Final Steps

Once the water reaches a gently rolling boil, process the jars for 15 minutes. When the timer rings, lift the jar rack and rest it on the edges of the canner while you prepare a place to set the jars. I usually throw a towel on the back of the counter or the back of the table, somewhere out of the way as the jars will need to rest there for 24 hours before you should move them.

Canning Lemon Strawberry Jam, all about the process!

Carefully use your jar lifter to grab each jar of jam and transfer it to the cooling area. You’ll notice that some of the jars will have already sealed (that’s what that popping sound is!) while they were sitting in the rack cooling. Some people like to count the pops as each jar seals, I usually don’t even notice anymore.

One the jars have fully cooled, you can check the seals. I like to check two ways. I remove all the rings and then push my finger down on the center of each lid. If the lids pushes down at all, that jar is not sealed and should either be eaten right away or re processed. The second way I check the seals is by picking each jar up by the edge of the lids.

Canning Lemon Strawberry Jam, all about the process!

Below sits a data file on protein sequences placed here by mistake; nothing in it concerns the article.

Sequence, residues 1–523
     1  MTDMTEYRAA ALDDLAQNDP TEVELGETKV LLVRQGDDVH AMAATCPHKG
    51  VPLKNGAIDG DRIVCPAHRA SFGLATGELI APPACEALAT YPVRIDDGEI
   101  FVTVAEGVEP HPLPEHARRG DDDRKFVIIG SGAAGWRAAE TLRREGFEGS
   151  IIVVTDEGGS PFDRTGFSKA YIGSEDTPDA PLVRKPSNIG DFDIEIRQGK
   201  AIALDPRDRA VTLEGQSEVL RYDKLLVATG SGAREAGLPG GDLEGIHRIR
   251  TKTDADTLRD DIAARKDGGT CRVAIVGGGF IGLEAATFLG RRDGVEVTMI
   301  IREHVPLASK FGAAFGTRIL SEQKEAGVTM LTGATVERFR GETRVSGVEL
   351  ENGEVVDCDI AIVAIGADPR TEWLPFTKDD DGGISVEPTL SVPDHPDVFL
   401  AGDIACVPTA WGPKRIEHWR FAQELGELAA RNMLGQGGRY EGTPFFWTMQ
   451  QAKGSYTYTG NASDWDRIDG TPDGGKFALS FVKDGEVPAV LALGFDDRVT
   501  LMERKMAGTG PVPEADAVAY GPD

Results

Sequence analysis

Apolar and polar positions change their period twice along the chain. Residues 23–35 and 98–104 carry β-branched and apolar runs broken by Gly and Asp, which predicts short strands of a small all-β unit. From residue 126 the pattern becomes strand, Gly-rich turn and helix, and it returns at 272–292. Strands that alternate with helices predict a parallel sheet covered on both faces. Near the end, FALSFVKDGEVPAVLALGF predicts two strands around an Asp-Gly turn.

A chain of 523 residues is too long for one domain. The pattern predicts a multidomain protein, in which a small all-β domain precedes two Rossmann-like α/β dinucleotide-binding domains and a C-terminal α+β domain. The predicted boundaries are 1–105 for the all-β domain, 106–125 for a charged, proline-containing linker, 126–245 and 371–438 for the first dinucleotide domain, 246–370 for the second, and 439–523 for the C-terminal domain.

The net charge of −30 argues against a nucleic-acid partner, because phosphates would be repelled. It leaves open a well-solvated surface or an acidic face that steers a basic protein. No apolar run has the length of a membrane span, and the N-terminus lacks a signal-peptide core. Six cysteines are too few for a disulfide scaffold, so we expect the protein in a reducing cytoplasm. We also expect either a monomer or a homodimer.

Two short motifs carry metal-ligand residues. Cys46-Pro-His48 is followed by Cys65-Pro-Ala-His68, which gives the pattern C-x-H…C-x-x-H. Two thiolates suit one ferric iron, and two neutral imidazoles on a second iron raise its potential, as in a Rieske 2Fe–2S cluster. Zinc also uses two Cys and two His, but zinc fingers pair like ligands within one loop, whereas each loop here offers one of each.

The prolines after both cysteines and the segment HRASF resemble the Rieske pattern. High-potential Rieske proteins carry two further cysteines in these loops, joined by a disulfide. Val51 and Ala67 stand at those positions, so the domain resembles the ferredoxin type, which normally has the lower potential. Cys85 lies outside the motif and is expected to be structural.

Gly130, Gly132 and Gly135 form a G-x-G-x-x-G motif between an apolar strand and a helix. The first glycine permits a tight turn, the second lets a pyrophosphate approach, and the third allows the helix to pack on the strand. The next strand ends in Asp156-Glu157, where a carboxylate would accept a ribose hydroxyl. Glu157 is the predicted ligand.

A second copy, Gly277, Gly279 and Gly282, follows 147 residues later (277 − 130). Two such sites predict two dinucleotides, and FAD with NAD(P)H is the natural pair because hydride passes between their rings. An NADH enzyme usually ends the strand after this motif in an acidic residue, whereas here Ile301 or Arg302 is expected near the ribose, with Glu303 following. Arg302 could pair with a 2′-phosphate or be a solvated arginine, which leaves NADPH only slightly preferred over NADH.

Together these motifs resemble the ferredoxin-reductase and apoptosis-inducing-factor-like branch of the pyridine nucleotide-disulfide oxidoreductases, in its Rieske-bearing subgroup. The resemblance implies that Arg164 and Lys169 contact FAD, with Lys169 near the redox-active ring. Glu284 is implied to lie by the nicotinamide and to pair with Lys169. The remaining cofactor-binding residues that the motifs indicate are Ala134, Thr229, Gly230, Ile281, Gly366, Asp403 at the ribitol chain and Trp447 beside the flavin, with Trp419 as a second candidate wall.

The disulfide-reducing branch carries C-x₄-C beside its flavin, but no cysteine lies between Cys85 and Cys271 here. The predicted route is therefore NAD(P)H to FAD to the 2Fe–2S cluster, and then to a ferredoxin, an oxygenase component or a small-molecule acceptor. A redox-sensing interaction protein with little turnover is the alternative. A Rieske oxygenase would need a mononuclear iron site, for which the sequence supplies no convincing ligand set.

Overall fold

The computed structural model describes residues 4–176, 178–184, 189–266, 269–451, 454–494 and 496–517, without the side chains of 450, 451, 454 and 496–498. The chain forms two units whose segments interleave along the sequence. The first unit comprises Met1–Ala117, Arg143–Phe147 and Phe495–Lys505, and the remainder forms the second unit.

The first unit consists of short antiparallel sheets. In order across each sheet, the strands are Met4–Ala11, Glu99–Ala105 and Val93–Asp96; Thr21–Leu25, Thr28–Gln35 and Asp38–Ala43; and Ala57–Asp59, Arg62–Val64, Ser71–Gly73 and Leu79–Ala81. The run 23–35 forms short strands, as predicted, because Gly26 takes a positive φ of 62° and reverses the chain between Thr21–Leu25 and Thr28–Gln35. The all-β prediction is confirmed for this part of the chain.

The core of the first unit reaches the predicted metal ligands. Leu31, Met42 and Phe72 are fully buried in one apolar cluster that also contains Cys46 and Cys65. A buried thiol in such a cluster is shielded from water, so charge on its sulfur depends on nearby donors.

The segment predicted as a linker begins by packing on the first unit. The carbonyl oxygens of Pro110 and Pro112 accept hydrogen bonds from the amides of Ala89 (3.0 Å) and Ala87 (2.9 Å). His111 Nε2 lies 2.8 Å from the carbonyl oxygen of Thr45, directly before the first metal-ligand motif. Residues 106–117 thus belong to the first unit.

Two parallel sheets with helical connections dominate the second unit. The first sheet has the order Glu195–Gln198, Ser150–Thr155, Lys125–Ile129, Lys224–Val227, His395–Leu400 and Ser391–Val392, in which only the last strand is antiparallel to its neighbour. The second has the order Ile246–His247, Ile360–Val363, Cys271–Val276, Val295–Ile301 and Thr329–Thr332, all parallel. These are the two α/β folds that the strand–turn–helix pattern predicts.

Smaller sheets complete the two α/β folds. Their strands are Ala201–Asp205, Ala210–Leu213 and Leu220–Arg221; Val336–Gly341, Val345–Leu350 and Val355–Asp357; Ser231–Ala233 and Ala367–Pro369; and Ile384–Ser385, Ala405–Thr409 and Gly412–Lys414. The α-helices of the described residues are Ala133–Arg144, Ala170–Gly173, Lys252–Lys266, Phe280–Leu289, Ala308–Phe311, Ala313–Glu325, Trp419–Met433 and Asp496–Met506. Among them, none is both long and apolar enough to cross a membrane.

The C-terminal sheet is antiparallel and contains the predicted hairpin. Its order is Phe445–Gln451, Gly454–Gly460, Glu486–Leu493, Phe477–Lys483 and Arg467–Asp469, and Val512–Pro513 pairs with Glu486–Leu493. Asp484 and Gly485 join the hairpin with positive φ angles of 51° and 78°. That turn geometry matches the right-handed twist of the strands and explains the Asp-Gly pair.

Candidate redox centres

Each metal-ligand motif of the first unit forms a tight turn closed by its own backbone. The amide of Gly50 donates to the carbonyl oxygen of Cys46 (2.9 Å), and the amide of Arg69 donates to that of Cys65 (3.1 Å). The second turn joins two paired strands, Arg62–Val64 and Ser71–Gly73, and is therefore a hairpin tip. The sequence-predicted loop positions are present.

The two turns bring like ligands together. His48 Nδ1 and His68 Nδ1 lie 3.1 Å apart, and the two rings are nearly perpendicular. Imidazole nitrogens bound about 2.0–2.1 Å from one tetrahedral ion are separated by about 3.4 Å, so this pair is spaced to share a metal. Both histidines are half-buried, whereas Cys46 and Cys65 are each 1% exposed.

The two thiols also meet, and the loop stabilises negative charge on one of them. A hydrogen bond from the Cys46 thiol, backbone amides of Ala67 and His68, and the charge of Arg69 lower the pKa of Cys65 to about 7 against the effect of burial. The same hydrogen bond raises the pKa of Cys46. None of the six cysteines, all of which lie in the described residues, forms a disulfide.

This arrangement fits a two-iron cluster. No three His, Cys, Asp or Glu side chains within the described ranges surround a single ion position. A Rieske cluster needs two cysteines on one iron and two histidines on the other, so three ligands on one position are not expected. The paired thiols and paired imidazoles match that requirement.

If everything is sealed, you’re ready to store your jars away! I leave the rings off for storage and I give them a gentle washing before they go into the cupboard as well. If there is any jam leftovers sitting on the outside of the jars, it will mold and just be gross. I’d rather wipe them down now so I can pull beautiful clean jars out of the cupboard.

Favorite Ways to Enjoy

Canning Lemon Strawberry Jam, all about the process!It doesn’t get much better than homemade white bread fresh out of the oven with homemade strawberry jam slathered all over it!! But, if you’re not in the mood for baking bread, there are several other delicious ways to enjoy your jam. Add a spoonful to plain yogurt, use as a pancake topping, or eat with your favorite biscuits. What’s your favorite way to enjoy strawberry jam? Let me know in the comments! And don’t forget to share this post on social media if you enjoyed.

4 Homemade Strawberry Rhubarb Pie from scratch. Unique ingredients for superb flavor!

Strawberry Rhubarb Pie from Scratch